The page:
In some ways, doing a Space Marine Battles book was an ideal first outing for a novel-length project, as the basic plot for it already existed. In most other respects, though, it was a hard story to write. The Space Wolves are about as popular a faction as any, and at the time of writing the book they hadn’t had a novel featuring them for a while. I knew that Prospero Burns would be out beforehand, which was bound to be a massive event. There were also elements of the story – such as the starting premise and Magnus turning up – that were very difficult to know how to handle. I spent a lot of time thinking about how to draw everything together (which made the book quite late), so it’s nice that many readers seem to have enjoyed the end result. You’re never going to satisfy everyone about every aspect of your take on something, particularly when some fans have a very clear idea about how certain events should pan out before even picking up the book, but the majority of the feedback has been encouraging.

Shadowhawk: How much inspiration did you draw from Dan’s Prospero Burns and Bill’s Ragnar novels? Did you communicate with either of them for this project?

Chris: I spoke to Dan a number of times while writing, and he was enormously helpful. Prospero Burns was finished off while I was about halfway through Battle of the Fang, and I made quite a few changes to the drafts to try to reflect his (incredible) reimagining of the Wolves. I also read, and re-read, the first four Space Wolf books, which were similarly useful in getting a feel for the Chapter. I’d like to think that while my Space Wolves incorporate concepts from both Bill’s and Dan’s treatment of them, they have a few features of their own too. One of the nice things about working in a shared universe, after all, is the chance you get to leave some ideas of your own out there.

Shadowhawk: Your next novel for Warhammer 40,000 is another Space Marine Battles novel, this time featuring the Iron Hands. You have previously written a short story for them in Hammer & Bolter. Why the Iron Hands?

Chris: No one else was doing them. J

Shadowhawk: Both the Iron Hands and the Space Wolves are non-traditional chapters who diverge quite a bit from the Codex Astartes and have some very strong ideologies of their own carried over from the days of the Great Crusade and the Horus Heresy. What has it been like to delve into their unique culture and their psyche?

Chris: The Space Wolves are a very popular and a very likeable Chapter: they’re dynamic, individual, and occupy a unique space in the 40K mythos. The Iron Hands are the opposite: they’re grim, agonised and gloomy. That makes the Wolves far easier to write about, since you have some of the material for creating characters to identify with. The Iron Hands are more difficult. In some ways, that’s a more satisfying challenge – making the unlikeable interesting. In Wrath of Iron, the Iron Hands don’t pull any punches – they’re not nice, they’re not nuanced and they’re not misunderstood. Just as some Traitor Legions embody a lot of admirable features, some Loyalists really are pretty screwed up, and the Iron Hands are about as badly damaged as they come. There are, however, stories to be told about how and why they came to be the way they are, and how they relate to the rest of the Imperium.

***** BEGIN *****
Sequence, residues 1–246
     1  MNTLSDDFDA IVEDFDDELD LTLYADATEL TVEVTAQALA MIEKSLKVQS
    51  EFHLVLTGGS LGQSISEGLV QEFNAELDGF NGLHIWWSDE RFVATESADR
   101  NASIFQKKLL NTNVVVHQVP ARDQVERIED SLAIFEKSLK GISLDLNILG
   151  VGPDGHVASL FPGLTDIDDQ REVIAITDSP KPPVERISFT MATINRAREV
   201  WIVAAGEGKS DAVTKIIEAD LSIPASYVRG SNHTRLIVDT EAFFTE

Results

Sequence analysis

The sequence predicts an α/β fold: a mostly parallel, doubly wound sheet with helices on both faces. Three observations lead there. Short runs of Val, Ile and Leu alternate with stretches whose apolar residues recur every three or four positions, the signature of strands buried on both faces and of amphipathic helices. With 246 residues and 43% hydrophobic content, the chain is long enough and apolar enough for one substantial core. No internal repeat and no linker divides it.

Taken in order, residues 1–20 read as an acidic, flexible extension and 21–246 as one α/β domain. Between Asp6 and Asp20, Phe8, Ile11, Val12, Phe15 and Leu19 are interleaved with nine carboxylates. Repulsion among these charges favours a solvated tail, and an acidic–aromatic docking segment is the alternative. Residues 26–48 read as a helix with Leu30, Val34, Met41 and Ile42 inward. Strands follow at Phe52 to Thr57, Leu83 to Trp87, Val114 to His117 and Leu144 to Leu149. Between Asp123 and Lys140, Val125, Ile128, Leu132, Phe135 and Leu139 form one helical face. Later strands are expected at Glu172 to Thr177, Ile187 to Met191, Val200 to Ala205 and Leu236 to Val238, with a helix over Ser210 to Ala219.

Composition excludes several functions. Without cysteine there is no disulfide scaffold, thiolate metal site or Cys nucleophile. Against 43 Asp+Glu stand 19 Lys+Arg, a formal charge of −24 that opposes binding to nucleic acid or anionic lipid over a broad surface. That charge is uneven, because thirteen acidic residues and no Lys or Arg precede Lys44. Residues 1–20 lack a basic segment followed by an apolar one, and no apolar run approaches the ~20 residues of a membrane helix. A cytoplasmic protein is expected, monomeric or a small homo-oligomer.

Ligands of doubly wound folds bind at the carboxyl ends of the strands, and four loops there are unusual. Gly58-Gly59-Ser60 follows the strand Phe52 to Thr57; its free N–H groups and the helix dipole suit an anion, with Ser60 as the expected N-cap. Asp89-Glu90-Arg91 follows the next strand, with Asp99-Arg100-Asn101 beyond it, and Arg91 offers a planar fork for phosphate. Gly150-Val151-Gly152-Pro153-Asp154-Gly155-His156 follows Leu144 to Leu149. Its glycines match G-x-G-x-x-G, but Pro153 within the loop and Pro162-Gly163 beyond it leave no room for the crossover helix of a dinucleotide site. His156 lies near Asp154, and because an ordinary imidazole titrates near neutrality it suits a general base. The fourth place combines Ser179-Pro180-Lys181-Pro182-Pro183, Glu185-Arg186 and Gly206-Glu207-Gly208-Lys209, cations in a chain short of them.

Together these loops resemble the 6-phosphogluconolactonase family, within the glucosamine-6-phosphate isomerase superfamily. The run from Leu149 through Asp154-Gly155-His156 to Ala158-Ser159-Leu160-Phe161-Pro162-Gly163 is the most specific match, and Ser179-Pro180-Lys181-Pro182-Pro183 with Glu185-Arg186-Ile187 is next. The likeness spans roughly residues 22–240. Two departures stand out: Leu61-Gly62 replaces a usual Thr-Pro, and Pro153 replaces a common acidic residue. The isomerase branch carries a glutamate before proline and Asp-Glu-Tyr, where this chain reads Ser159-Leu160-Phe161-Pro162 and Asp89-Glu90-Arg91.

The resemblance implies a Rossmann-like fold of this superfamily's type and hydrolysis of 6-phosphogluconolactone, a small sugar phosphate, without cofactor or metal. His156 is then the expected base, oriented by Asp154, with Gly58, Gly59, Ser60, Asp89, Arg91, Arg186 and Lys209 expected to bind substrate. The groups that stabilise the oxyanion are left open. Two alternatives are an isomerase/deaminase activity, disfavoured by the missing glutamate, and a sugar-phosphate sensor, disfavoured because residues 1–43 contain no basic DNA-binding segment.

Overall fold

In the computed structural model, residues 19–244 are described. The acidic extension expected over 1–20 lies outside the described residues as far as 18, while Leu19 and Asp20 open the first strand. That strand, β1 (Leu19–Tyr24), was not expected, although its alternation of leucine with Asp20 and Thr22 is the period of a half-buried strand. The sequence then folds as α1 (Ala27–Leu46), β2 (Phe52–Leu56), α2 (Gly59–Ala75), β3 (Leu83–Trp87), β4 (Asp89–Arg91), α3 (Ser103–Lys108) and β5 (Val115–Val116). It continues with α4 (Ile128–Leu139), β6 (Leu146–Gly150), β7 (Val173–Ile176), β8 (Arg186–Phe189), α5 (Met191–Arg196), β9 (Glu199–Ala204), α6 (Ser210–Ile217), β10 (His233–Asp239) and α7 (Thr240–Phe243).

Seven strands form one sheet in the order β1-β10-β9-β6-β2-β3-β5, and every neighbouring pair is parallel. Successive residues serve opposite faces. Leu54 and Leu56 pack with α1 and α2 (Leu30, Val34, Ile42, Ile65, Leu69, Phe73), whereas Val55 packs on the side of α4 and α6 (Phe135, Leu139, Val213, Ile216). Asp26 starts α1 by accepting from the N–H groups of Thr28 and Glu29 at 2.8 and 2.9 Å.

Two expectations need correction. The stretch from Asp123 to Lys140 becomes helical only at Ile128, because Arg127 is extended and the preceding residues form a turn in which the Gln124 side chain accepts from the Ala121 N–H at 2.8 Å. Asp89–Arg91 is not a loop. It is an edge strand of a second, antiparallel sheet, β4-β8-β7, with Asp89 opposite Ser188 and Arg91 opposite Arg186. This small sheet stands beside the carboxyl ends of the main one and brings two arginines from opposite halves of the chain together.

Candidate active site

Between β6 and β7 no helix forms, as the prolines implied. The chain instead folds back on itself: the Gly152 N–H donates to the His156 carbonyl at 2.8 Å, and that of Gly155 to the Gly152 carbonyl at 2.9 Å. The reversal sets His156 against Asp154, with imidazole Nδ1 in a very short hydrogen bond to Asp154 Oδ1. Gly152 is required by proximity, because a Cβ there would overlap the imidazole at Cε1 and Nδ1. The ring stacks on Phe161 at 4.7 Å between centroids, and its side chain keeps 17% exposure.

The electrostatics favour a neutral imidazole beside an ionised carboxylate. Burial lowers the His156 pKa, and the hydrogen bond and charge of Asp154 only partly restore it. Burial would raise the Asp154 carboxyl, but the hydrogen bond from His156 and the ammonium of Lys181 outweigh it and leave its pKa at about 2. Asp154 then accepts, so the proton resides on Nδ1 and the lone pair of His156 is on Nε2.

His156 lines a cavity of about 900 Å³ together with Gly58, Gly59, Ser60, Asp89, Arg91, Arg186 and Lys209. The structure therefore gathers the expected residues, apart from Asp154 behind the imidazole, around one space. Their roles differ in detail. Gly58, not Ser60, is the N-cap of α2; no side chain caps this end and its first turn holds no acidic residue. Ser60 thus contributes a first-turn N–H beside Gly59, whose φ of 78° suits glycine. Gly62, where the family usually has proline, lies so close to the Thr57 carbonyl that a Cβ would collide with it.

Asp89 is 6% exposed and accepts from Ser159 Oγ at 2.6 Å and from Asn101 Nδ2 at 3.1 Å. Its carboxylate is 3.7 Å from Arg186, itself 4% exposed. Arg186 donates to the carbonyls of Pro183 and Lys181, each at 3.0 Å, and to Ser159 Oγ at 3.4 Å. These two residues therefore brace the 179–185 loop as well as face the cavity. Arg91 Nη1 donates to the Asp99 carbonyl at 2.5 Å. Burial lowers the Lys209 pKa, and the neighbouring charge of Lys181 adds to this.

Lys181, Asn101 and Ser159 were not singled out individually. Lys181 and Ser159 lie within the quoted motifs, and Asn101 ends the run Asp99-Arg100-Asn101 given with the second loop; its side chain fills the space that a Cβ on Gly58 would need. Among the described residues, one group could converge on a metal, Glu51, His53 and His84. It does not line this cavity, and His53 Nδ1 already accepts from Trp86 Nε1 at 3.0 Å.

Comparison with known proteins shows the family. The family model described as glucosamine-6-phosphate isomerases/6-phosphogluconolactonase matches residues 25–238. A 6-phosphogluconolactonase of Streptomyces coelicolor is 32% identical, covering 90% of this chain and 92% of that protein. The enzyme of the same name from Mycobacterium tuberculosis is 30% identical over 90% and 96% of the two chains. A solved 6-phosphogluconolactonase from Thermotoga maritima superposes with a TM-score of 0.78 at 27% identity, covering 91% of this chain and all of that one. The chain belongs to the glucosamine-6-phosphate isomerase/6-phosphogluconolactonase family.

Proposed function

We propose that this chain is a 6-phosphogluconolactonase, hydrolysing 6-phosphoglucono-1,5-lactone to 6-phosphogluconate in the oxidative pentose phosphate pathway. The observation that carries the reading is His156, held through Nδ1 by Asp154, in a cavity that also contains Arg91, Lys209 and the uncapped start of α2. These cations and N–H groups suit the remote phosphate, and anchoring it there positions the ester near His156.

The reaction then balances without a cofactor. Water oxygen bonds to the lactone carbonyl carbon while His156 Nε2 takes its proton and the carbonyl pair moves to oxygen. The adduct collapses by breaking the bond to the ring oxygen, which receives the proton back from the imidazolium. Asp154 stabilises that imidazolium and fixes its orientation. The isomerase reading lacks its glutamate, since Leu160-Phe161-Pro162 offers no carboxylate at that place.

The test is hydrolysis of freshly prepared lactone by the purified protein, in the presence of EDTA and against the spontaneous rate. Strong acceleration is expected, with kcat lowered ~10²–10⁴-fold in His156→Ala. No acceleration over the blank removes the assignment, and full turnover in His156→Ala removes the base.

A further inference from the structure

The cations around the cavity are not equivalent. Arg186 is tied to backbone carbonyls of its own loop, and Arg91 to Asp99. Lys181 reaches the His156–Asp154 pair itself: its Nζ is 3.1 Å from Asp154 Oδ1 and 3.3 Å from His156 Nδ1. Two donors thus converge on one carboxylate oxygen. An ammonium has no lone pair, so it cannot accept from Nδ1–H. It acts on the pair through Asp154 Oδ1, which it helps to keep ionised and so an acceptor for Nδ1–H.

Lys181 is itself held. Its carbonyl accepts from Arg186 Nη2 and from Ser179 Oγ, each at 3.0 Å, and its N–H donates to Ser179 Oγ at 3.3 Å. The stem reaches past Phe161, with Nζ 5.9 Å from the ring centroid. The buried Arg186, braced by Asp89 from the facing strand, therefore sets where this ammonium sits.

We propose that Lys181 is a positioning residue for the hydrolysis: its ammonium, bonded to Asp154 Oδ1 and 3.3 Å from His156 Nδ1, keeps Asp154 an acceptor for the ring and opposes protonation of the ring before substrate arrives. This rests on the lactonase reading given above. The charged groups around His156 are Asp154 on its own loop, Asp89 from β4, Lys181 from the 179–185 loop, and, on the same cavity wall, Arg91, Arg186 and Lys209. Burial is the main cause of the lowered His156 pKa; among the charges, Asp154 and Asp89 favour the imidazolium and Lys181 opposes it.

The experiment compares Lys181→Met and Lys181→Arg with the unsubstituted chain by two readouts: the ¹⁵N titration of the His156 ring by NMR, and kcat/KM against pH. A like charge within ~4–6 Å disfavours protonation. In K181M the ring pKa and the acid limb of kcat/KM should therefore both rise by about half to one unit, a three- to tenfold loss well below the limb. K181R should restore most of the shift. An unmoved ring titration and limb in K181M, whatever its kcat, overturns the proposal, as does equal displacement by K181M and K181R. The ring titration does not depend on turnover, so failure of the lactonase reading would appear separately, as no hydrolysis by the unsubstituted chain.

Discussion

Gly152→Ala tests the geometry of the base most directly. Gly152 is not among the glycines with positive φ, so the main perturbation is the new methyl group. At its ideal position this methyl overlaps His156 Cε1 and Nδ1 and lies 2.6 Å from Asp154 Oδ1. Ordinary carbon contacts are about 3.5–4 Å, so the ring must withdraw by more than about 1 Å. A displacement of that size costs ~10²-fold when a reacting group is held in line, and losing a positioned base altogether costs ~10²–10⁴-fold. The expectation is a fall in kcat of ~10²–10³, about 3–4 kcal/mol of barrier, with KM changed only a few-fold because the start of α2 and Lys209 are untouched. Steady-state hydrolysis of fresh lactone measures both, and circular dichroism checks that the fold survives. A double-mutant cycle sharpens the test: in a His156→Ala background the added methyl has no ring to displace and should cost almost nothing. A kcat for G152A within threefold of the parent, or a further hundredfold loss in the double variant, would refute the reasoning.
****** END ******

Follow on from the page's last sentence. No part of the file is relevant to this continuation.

Shadowhawk: Ludwig Schwarzhelm and Kurt Helborg are getting their second outing in the upcoming novel Swords of the Emperor. These two are also among the first heroes of the Old World to be featured in the Warhammer Heroes novels. How did you get started with both of them?

Chris: Writing for Schwarzhelm and Helborg was great, as neither character had a huge amount of worked-out background already in print. I took the text in the Empire Army Book as the starting point, together with the fantastic artwork, and tried to give each of them proper personalities. They’re very different men: Schwarzhelm’s dour, reserved and only really good at a certain kind of fighting, whereas Helborg’s accomplished, brash and a more natural leader of men. Of all the projects I’ve written for Black Library, I probably enjoyed the two Swords books the most, mostly due to the freedom I felt I had with the story and characters.

Shadowhawk: What can you tell us about Swords of the Emperor itself?

Chris: Swords of the Emperor is an anthology containing the novels Sword of Justice and Sword of Vengeance. It will also contain the short stories ‘Feast of Horrors’ (featuring Schwarzhelm) and ‘Duty and Honour’ (starring Helborg). The second of those is new for the anthology, and sees Kurt in action in Bretonnia.

Shadowhawk: You have written extensively for the Empire before so how was the experience writing for the High Elves in your novella Dragonmage? Will there be any possible sequels to the story contained therein?